Now to attach the Armature and make sure its secure.
With armature wire create a “tail” out the back(or wherever on your sculpt that you can sacrifice a small bit of detail) that will be stapled to the board. On mine because he doesn’t have legs to keep him steady I built a stand for his hand to hang from.
Stapling the “tail” down in a circle helps to keep it steady.
Get your tin foil ready, its time to bulk up the armature to reduce the amount of clay you use.
Sculpey is expensive so you will want to bulk the armature up before applying. Simply add the tin foil like you do when making a ball. It also helps get a shape of the anatomy before you add the clay. As this will be your last chance to bend the armature. I had to adjust the shoulders a bit as they were too wide.
After you have the tin foil built up, wrap some of the thinner wire around armature. This gives the sculpey something to grip onto and keep it from sliding off the metal.
The moment has come to start adding the clay. But first a lesson on Super Sculpey. It comes in a sort of tan transparent color. This keeps the sculptor from being able to see flaws and can be aggravating when later you have lots of finger prints that didn’t show up in the tan/pink.
Grey is a good color to work in. It shows shadow easily and will make flaws stick out. The same reason primer is usually grey. So this is where Sculpey II comes in. Sculpey II is similar to Super Sculpey. It bakes at the same temerature, the only difference is you can buy it in colors and its firmer. Mix the Super Sculpey with the blocks of Sculpey II. The short recipe is:
- 1 block Super Sculpey
- 1 block Sculpey II white
- 1/2 block Sculpey II black
This recipe creates a slightly firmer and opaque sculpey which I find ideal for sculpting.
To mix the sculpey together, just kneed it like dough. It’s very long winded and will give you aches in muscles in your arms and hands you didn’t even know you had. It can save a lot of time and effort if you use a pasta maker. It quickly mixes the dough and all you have to do is crank a handle.
Take your home-made clay and start to build up on your armature. First just concentrate on getting the whole thing covered with a thin layer. Build up shape from there. It’s very satisfying as you’ll start to see your design take shape at this point.
I always like to pick one starting point(usually the face) that will give me a good idea of the proportions and keep motivated in knowing I can finish it. You’ll see that I had to redo the head several times, but after I finished getting it right, it made the rest miles easier.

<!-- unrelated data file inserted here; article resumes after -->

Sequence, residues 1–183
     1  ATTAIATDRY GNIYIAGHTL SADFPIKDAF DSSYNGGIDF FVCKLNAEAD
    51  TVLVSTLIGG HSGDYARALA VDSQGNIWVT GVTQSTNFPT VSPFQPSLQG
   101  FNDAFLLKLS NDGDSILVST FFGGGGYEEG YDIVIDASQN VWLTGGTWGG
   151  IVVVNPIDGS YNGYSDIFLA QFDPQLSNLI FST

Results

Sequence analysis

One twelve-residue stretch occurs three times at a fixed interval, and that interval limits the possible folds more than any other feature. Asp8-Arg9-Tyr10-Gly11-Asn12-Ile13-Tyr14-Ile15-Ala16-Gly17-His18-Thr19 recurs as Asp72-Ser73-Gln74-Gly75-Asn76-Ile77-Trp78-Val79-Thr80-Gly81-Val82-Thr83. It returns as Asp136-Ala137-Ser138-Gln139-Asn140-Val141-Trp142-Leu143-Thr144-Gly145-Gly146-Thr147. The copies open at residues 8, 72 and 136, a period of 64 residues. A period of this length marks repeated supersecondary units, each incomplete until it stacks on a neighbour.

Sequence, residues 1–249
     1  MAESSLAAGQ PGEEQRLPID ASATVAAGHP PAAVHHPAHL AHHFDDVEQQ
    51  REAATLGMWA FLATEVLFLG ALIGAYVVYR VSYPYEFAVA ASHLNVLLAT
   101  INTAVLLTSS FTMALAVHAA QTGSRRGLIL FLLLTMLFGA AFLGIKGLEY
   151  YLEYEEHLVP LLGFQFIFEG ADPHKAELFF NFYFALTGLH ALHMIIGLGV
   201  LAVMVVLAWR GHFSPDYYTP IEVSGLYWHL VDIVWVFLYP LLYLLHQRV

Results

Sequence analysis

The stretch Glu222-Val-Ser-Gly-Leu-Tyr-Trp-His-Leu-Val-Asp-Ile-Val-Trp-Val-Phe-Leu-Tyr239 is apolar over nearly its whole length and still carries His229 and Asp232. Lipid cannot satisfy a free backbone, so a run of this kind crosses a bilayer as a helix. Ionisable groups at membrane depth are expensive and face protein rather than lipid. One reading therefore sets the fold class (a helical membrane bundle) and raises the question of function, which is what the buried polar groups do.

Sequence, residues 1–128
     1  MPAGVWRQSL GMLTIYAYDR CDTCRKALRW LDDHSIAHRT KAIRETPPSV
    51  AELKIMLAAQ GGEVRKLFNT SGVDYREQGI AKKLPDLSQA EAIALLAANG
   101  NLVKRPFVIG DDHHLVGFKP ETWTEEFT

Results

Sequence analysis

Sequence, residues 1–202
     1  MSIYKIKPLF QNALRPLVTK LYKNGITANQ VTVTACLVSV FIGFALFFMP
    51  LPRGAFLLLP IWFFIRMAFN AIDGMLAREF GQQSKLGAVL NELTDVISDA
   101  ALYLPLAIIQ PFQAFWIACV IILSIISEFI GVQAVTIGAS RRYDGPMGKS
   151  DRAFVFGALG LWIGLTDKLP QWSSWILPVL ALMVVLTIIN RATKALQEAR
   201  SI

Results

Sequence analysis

The face I’m happy with and I’m ready to start adding details. Also no shame if saving things you aren’t exactly excited about sculpting until last. (I hate doing ears, so that one is one of the last pieces I added details to)
I’m not an expert Sculpter and I find it hard to pass on techniques. I’ll try to give you an idea, but this will be the part that will change with every project.
With mine there was a lot of exposed muscle. To achieve this I used reference pictures of anatomy and tried to find a quick approach to achieving “overlapping” muscle. This was tough and took the most concentration of any of the detail but paid off.
I started by etching in the pattern of the muscles. Then digging into to it to make a layered effect. I smooth it out manually then use the turpenoid to give it a final smooth over. With the turpenoid, just use a smooth brush to paint it on and keep brushing till it works into the clay. You’ll notice the clay start to dissolve kind of like wetting water-based clay. I actually used a rough brush on the muscles to give it a more rough texture.
With the arm done I decide to cut it off to make sculpting underneath it easier.
The sculpt will need to be cut apart at some point anyway so this isn’t going to ruin it. In the end you will want each of the limbs and the torso/head separated.
Sculpey is bake-able. With a heat gun you can cook it enough to preserve the detail and cut through it. So if you wish to do the same get your heat gun out.